Property, within constitutional protection, denotes group of rights inhering in citizen's relation to physical thing, as right to possess, use and dispose of it. Cereghino v. State By and Through State Highway Commission, 230 Or. 439, 370 P.2d. 694, 697.

[Black’s Law Dictionary, Fifth Edition, p. 1095]

Black’s Law Dictionary, Sixth Edition, p. 1106

Ownership. Collection of rights to use and enjoy property, including right to transmit it to others. Trustees of Phillips Exeter Academy v. Exeter, 92 N.H. 473, 33 A.2d. 665, 673. The complete dominion, title, or proprietary right in a thing or claim. The entirety of the powers of use and disposal allowed by law.

The right of one or more persons to possess and use a thing to the exclusion of others. The right by which a thing belongs to someone in particular, to the exclusion of all other persons. The exclusive right of possession, enjoyment, and disposal; involving as an essential attribute the right to control, handle, and dispose.

Ownership of property is either absolute or qualified. The ownership of property is absolute when a single person has the absolute dominion over it, and may use it or dispose of it according to his pleasure, subject only to general laws. The ownership is qualified when it is shared with one or more persons, when the time of enjoyment is deferred or limited, or when the use is restricted. Calif. Civil Code, §§678-680.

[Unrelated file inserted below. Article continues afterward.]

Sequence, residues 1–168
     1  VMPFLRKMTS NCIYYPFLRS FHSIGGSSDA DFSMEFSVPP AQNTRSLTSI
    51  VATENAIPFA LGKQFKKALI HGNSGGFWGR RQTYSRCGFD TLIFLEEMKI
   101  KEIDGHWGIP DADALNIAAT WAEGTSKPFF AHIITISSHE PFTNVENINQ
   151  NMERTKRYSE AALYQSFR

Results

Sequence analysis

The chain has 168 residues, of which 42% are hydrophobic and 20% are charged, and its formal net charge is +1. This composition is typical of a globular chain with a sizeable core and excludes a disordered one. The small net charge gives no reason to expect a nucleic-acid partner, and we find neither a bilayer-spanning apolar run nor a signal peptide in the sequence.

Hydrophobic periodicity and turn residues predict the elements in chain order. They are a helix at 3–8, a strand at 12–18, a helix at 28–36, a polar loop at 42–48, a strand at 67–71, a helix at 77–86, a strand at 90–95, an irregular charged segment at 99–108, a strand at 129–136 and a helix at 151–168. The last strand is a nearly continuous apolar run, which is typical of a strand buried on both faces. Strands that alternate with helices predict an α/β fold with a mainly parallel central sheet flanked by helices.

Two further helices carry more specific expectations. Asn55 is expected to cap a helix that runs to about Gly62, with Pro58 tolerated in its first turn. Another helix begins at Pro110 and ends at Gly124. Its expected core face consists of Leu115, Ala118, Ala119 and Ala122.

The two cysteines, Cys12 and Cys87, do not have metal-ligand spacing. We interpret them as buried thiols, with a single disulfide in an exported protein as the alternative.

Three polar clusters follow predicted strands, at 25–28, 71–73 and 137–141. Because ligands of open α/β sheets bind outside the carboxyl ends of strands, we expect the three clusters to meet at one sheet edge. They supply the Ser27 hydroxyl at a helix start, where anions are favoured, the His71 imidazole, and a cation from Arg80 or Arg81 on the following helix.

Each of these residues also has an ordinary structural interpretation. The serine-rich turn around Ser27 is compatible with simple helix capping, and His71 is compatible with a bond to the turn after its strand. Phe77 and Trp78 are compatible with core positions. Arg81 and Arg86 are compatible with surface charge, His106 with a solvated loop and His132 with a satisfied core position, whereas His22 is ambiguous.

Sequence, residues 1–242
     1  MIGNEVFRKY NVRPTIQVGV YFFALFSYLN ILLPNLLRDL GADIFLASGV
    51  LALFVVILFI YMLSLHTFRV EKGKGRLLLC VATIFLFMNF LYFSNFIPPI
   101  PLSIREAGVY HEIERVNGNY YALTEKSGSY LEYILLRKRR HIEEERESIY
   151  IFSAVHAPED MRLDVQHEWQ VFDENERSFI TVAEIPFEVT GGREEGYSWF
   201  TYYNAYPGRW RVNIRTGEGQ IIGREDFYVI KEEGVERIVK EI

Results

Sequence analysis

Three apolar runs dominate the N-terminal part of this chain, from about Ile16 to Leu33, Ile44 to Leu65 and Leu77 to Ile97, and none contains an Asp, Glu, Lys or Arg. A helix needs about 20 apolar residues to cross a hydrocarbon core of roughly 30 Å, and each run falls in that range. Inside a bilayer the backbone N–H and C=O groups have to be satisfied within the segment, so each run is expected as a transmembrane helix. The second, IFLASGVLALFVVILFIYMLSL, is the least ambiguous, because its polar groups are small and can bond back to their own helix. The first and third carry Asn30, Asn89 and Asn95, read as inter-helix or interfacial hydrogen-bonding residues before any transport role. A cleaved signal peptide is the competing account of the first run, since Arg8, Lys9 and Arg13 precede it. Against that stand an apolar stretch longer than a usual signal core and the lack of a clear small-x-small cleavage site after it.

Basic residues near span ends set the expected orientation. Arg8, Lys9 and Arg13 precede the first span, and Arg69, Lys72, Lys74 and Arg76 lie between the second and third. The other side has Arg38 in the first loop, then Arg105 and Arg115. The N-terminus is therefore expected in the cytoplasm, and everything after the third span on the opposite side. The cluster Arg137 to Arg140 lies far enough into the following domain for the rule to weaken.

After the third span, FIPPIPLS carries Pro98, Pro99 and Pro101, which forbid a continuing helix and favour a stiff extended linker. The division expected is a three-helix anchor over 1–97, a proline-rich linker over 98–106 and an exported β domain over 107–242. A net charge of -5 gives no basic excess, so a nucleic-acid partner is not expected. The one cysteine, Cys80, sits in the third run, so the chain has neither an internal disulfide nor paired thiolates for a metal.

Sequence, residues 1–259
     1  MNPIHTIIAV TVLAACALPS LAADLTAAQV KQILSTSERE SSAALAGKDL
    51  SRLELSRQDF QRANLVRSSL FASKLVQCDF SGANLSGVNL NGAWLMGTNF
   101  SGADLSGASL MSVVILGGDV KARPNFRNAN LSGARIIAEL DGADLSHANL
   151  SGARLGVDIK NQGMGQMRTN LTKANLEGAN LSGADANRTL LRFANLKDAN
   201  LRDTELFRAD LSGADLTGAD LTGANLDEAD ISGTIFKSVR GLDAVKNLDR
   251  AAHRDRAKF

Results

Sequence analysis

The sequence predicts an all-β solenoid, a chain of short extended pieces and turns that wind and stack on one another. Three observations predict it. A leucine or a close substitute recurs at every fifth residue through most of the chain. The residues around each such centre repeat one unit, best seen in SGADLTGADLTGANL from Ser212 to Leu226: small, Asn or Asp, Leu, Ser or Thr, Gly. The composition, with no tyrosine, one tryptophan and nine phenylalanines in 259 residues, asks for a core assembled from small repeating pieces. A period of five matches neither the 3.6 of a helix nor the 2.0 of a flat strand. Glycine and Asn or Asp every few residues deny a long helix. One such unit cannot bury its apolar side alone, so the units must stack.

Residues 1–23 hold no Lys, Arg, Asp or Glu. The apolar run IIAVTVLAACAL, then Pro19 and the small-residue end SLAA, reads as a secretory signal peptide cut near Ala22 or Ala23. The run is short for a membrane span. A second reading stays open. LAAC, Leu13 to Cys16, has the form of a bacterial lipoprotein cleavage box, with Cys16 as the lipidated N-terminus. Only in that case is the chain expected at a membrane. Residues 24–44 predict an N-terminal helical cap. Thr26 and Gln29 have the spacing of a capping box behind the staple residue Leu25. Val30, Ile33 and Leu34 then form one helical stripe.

There may be ownership of all inanimate things which are capable of appropriation or of manual delivery; of all domestic animals; of all obligations; of such products of labor or skill as the composition of an author, the goodwill of a business, trademarks and signs, and of rights created or granted by statute. Calif. Civil Code, §655.

In connection with burglary, "ownership" means any possession which is rightful as against the burglar.

See also Equitable ownership; Exclusive ownership; Hold; Incident of ownership; Interest; Interval ownership; Ostensible ownership; Owner; Possession; Title.

[Black’s Law Dictionary, Sixth Edition, p. 1106]

American Jurisprudence 2d, United States, §45 (1999)

“A claim against the United States is a right to demand money from the United States. [1] Such claims are sometimes spoken of as gratuitous in that they cannot be enforced by suit without statutory consent. [2]    The general rule of non-liability of the United States  does not mean that a citizen cannot be protected against the wrongful governmental acts that affect the citizen or his or her property.[3] If, for example, money or property of an innocent person goes into the federal treasury by fraud to which a government agent was a party, the United States cannot [lawfully] hold the money or property against the claim of the injured party.[4] ” 
[American Jurisprudence 2d, United States, §45 (1999)]


[1] United States ex rel. Angarica v. Bayard,  127 U.S. 251,  32 L.Ed. 159,  8 S.Ct. 1156, 4 AFTR 4628 (holding that a claim against the Secretary of State for money awarded under a treaty is a claim against the United States); Hobbs v. McLean, 117 U.S. 567, 29 L.Ed. 940, 6 S.Ct. 870; Manning v. Leighton, 65 Vt. 84, 26 A 258, motion dismd 66 Vt. 56, 28 A 630 and (disapproved on other grounds by Button’s Estate v. Anderson, 112 Vt. 531, 28 A.2d. 404, 143 A.L.R. 195).